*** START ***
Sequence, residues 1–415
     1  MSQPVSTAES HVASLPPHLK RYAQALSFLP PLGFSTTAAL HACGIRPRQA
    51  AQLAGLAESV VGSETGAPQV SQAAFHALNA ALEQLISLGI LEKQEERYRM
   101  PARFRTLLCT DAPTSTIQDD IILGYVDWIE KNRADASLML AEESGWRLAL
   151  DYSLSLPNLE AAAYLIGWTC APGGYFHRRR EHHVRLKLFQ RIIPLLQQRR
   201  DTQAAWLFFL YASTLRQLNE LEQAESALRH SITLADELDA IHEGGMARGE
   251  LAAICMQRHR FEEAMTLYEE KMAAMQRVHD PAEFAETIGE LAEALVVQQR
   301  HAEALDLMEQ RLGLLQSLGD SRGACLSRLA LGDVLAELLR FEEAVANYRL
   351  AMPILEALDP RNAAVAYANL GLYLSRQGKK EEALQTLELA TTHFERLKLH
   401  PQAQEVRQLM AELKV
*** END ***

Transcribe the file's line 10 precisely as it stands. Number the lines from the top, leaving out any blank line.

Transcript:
   401  PQAQEVRQLM AELKV